3. Missy says:

    I had a Jehovah’s Witness come to my door yesterday. I thought at first she was an insurance salesperson or something but no. It was such an uncomfortable experience. She kept talking about earthquakes and natural disasters caused by people’s sins, talking about the apocalypse and what not. She asked how I would teach good values to my child without the bible. I said I teach her to treat everyone equal regardless of what they look like, where their from, or what their sexual orientation is. She just stared at me, than asked if my partner and I were married. I said no, we aren’t, we’ve been together for fifteen years though. Than she asked to come in and read from the bible to me, that’s when I ended it.

    • Esmom says:

      I worked with a JW and she was never preachy. She always answered my and my co-workers questions about her faith with humor and grace. I couldn’t help but feel a little sad for her as she seemed to have lived a very sheltered life, and you could tell part of her wanted to expand her world view and the other part wanted to remain loyal to her family. Age old conundrum, I guess.

      • MyBlackCat says:

        My ex is a JW and the child abuse is rampant. Kids are beaten for not sitting still in sermons. The same kids are taunted in school for their out of he norm traditions, such as no birthdays etc. IMO this is a damaging cult. I’ve had American Baha’i friends who were extremely cult Ish too.

    • Adrien says:

      I know a lot of JW’s (my family used to live near a kingdom hall) and none of them were forceful. They often left Watchtower pamphlets at our doorstep. That’s about it. I think the ones I met were trained to brush off rejection from staunch Christians and non believers.

      • Missy says:

        This lady wasn’t forceful, she was, I spoke to her and listened, and treated her with respect. I let her know as soon as I realized who she was that I had no interest in religion and she just kept going. It wouldn’t have been so uncomfortable if she hadn’t kept talking sins and the apocalypse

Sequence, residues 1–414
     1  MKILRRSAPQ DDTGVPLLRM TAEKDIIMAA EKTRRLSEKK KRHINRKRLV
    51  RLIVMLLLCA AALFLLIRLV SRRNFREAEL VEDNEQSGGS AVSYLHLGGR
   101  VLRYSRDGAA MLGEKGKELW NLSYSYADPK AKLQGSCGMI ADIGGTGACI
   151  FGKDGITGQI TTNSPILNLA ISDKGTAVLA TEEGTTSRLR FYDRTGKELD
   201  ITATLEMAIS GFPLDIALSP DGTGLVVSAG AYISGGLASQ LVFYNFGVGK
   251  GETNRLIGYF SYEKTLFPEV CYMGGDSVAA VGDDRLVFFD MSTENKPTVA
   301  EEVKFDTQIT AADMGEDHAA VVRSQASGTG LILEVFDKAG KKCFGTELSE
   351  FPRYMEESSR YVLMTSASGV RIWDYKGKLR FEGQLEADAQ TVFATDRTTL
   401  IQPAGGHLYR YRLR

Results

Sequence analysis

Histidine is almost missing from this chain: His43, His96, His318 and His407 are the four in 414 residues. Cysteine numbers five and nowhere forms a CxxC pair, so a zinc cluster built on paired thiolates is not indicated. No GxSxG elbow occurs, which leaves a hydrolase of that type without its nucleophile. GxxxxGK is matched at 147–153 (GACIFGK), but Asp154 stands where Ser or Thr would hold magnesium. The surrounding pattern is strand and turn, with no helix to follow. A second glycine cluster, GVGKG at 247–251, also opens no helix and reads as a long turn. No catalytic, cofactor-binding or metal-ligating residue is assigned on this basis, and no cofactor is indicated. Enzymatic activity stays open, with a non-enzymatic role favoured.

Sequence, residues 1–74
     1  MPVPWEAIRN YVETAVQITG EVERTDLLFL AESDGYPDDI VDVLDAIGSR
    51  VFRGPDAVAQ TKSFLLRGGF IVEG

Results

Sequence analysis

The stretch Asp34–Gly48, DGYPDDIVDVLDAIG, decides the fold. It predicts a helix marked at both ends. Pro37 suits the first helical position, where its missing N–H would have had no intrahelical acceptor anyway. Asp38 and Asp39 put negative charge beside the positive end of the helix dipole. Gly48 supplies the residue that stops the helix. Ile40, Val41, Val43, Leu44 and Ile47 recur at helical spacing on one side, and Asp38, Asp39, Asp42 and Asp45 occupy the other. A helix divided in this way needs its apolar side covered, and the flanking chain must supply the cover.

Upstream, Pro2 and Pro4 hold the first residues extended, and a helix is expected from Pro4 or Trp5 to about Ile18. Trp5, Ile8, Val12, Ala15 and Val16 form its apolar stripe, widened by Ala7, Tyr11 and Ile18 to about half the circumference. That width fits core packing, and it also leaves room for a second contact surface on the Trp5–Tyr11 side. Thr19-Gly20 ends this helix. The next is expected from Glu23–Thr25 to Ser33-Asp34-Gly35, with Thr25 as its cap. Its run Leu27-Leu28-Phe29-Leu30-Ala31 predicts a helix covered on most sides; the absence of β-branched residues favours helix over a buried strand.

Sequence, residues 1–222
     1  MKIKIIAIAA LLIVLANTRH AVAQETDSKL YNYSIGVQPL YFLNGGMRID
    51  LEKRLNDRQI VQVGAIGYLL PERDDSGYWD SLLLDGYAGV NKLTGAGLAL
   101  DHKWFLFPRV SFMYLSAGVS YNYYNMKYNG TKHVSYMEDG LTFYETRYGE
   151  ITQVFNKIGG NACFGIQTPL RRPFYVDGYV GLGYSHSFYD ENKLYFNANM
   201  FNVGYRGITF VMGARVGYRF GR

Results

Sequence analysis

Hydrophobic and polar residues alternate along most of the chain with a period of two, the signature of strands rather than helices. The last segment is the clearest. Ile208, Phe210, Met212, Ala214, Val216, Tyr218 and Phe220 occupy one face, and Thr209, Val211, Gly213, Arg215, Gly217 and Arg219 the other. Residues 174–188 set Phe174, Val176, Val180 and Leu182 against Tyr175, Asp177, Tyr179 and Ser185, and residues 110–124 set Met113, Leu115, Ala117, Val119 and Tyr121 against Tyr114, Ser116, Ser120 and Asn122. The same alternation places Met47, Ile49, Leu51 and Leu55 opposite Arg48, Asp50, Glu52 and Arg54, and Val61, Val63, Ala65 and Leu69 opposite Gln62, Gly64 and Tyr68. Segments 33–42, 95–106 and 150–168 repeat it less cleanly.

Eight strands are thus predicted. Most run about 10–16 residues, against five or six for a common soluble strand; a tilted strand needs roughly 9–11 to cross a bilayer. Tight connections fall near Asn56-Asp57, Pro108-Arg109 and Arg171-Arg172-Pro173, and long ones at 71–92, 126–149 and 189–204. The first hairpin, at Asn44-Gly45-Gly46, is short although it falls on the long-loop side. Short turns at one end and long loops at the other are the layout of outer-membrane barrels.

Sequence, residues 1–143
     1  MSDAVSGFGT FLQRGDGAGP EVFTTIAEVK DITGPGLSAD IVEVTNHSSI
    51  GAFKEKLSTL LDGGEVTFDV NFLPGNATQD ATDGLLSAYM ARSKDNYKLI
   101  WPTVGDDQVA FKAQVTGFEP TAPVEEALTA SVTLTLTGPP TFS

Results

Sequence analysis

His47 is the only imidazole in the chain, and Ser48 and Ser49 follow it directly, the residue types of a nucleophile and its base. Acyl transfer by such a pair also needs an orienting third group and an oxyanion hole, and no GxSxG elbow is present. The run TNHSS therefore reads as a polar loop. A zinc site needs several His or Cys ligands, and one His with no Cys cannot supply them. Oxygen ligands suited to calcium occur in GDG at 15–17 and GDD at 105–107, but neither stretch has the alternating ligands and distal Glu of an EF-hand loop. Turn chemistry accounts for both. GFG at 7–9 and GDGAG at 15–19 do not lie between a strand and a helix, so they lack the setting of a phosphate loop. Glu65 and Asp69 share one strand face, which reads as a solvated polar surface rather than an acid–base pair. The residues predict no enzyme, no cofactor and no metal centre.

• MarcelMarcel says:

      @missy In my experience JWs are forceful and/or always referring to a pamphlet when explaining their beliefs. So I can imagine being in your situation.
      If you’re ever bored try reading a JW pamphlet. I struggled it with because the Watchtower uses quotes out of context and relies on fearmongering.
      The organisation experienced a mass exodus of members in the sixties or seventies. They left Because the apocalypse never came. Either Watchtower destroyed their records of this or they just aren’t sharing it with lower tier members.
      Because this impacted people who are still alive you can find books & articles detailing first hand accounts of what happened.

      Much like Scientology & the Catholic the JWs practice a version of excommunication. I knew a teenage boy who was cut off from the Kingdom Hall & it’s members because he was partying too hard. It was heartbreaking to witness because he obviously just need acceptance & support. Seeing how he was treated convinced me that JW is a cult.

      (Super long message sorry! I just have loads of opinions on JWs that I rarely have the chance to discuss).

      • waitwhat says:

        Please don’t mention the Catholic Church and Scientology in the same breath. When people stop practicing Catholicism, the church doesn’t pressure their families into disconnecting from them. Otherwise, my Catholic family would never speak to me! As far as ex-communication goes, I have never heard of one in my 52 years. I have no idea what that would even take (certainly not partying too hard). The Catholic church isn’t perfect, but it’s not the dangerous organization that Scientology is. I know little about JW so I can’t comment.

      • María S. says:

        Two of my siblings were JW and left within the last 5 years. It is a cult. One with a huge child sex abuse scandal they’ve done a great job of keeping out of the press. I’ve witnessed firsthand the shunning of members who run afoul of their rigid rules. In one case a young couple was shunned for the better part of a year when their baby was born a little too soon after their wedding and the elders calculated that they’d had premarital sex. My experience of it, which included my paternal grandparents, is that it is a joyless religion with its fair share of hypocrisy and bigotry.

      • MarcelMarcel says:

        @waitwhat I think the Catholic Church’s cover up of child sex abuse is unforgivable. It happened across continents for at least a century. I have no issue with individual Catholics and there are a few nuns I find inspiring. The Pope hasn’t fully apologised. He continues to put the Vatican’s wealth before the welfare of children, people dying from AIDS, LGBTI+ people and women. Until he publicly atones for the sins of his Church I consider his organisation as dangerous as the CoS.